Monthly Archives: October 2013


Just had a conversation, exchanged contacts and took pictures with one of the WORLD’S foremost scholars in all things sickle cell. Professor Felix Konotey-Ahulu.

I’ll post a profile on him soon. This man has done a lot to better the lives of persons living with sickle cell disease all over the world, through his research, scholarly articles and associated activities.

Happy day, doing my happy dance, a few back flips in the mix. I am ecstatic. Have a lovely day.


The Miss World 2013 finals were recently held in Indonesia. As you might be aware, Miss Ghana 2012, Carranzar Naa Okailey Shooter was the second runner up, and in effect, Miss World Africa 2013. Congratulations to Miss Shooter (OK, I thought I had the coolest surname, but this one definitely kills it.)


Miss World Africa 2013. This picture is not mine (obviously). Dark skinned girls rock!
Photo credits: Carranzar Shooter, Miss universe & missology

Miss Shooter is actually a medical student, a colleague of mine. Don’t ask me how she combined medical school with, arguably, the biggest beauty pageant in the world, I really have no idea. This post is about young people making great strides in their lives. Young people, coloring outside the lines, thinking outside the box, living outside the rules and making a difference, in their own small way.

Miss Word Africa 2013, is back to the mundane existence of a medical student. She has however done great and deserves commendation. (Side note, I think dark-skinned girls absolutely rock. I am unapologetically biased.)  Behind the scene battles, struggles of combining medical education with pageantry at the local level, not to mention, international, escapes everyone. It really does not matter now. She persevered through it all and has the crowns to show for it. I wish her the very best in her endeavors and hope she excels in the various projects she has taken on board.

Still in the realms of pageantry, Miss Earth Ghana 2012, is also a colleague of mine. Again, how she did it, beats me. What is important, she did. I have had it with people using medical education (education in general,their youth etc) as an excuse for mediocre living. If you set out to do something, you can! If you are only passionate about medicine, fine by me. Make a difference even while in school, educate someone about the stuff you spend 18 hours studying and stop using it as an excuse to while away time.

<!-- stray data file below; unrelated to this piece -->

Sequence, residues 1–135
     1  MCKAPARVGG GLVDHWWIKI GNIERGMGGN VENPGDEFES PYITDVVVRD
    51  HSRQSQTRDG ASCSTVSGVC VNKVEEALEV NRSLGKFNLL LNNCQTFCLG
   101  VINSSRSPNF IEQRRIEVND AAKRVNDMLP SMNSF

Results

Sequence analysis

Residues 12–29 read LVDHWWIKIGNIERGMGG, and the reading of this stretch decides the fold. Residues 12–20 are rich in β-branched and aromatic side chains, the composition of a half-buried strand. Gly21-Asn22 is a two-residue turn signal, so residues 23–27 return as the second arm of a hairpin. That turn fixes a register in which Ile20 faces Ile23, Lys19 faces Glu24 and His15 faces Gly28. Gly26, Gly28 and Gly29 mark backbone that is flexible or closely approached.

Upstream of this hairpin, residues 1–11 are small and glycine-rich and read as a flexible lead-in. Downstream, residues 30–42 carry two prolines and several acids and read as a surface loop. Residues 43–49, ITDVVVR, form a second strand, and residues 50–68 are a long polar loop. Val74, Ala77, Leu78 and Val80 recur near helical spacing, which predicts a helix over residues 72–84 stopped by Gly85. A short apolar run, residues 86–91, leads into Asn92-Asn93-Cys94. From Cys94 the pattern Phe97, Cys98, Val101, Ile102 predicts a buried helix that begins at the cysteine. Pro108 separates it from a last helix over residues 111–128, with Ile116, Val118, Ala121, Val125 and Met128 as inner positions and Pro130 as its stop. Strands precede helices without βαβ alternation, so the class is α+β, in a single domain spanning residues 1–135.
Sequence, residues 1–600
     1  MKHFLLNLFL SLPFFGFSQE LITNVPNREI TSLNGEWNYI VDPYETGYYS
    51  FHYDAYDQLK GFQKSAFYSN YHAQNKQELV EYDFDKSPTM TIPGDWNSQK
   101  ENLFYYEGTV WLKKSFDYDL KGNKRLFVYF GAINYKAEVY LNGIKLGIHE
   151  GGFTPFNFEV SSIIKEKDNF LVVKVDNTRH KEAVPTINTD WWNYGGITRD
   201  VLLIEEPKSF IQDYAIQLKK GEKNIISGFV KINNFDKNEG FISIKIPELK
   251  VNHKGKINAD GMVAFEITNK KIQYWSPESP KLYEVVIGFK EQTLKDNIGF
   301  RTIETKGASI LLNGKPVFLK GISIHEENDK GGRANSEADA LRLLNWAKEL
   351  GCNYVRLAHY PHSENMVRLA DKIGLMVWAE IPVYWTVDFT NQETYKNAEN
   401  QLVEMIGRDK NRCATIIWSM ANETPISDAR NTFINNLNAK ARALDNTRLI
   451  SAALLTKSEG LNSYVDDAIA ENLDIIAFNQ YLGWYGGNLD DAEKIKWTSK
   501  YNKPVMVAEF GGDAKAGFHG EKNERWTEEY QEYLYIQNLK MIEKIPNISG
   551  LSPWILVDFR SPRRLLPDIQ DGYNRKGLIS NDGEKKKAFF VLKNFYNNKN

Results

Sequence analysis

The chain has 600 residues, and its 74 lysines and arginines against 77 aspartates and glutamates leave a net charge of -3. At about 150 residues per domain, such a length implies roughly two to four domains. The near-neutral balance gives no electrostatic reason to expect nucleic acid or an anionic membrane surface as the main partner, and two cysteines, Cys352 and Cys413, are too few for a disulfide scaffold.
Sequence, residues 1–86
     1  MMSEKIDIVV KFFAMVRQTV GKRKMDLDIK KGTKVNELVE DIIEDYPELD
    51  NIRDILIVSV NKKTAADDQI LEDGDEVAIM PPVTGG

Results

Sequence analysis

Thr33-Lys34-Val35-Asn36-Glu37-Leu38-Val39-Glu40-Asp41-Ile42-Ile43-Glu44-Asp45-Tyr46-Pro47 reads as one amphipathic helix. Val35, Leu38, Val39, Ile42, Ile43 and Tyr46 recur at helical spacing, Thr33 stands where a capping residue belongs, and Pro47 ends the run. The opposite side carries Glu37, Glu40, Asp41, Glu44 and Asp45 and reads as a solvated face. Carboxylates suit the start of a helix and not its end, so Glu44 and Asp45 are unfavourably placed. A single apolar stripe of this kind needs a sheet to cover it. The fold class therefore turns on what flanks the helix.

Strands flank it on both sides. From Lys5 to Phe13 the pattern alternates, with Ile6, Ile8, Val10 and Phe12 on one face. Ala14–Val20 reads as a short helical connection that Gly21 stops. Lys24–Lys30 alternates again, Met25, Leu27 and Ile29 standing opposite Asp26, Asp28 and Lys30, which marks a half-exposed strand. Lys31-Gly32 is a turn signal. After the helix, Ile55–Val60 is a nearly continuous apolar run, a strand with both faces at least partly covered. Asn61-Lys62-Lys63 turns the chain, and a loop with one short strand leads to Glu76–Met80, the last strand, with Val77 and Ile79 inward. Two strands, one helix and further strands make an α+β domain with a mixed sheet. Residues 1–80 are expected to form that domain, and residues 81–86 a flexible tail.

Another colleague, also recently started a beauty and grooming page on face book. She actually has good skin and has been said to dabble in the modeling industry, so I am quite optimistic she will do a great job. She gives very insightful tips about keeping your skin healthy. I recently saw some information on her page about breast self examination. I think we can all apply what we learn to impact lives, however insignificant they may seem.

In the area of clothing, T shirt design came up last year. The line is college style. I liked one shirt that said ‘I FIND THIS HUMERUS’ (get it?)  but I especially loved another one that said ‘CHICKS IN MEDICINE.’ It had little chicks (actual baby fowls/ chicken(s) ) with stethoscopes round their necks. Now, that I would totally rock.

Dekage clothing is another one I am very excited about, African print inspired clothes. Designed by a colleague of mine, they are the kind of shirts I will buy for a friend as a gift. He has a highly selective target market, like most things in life, it is not for everyone. No matter what you set out to do, you can’t please everyone. Some people will just not ‘get’ it. Don’t lose sleep over them, just keep at it.

Spirituality/Christianity, boasts the largest number of people making great strides. There are a good number of preachers in my class. One of them is actually published, two books and counting. They make time to lead various religious groups, preach etc. Why? Because that is what they are passionate about. We all make time for what is important to us. What are you passionate about?

Of course, Sickle Life. Blog, Facebook and twitter pages (and much more, in the future).  Education and information about sickle cell disease to help people make informed life choices. This is what I stand for. We are just a few people, all under 25 years, and still in school. We stand for different things, are passionate about them and find the time to make them happen.

Outside medical school, a friend of mine, currently engaged in his national service, started a group. Mindsets networks. He seeks to change the mindset of the youth in several areas. He does this through the various divisions of MsN such as health, education and family. In its first year of existence, it already has a very strong membership, about 700, on facebook alone. They really do give the best quotes, thought provoking stuff. They are making an impact on the youth by realigning our thought process.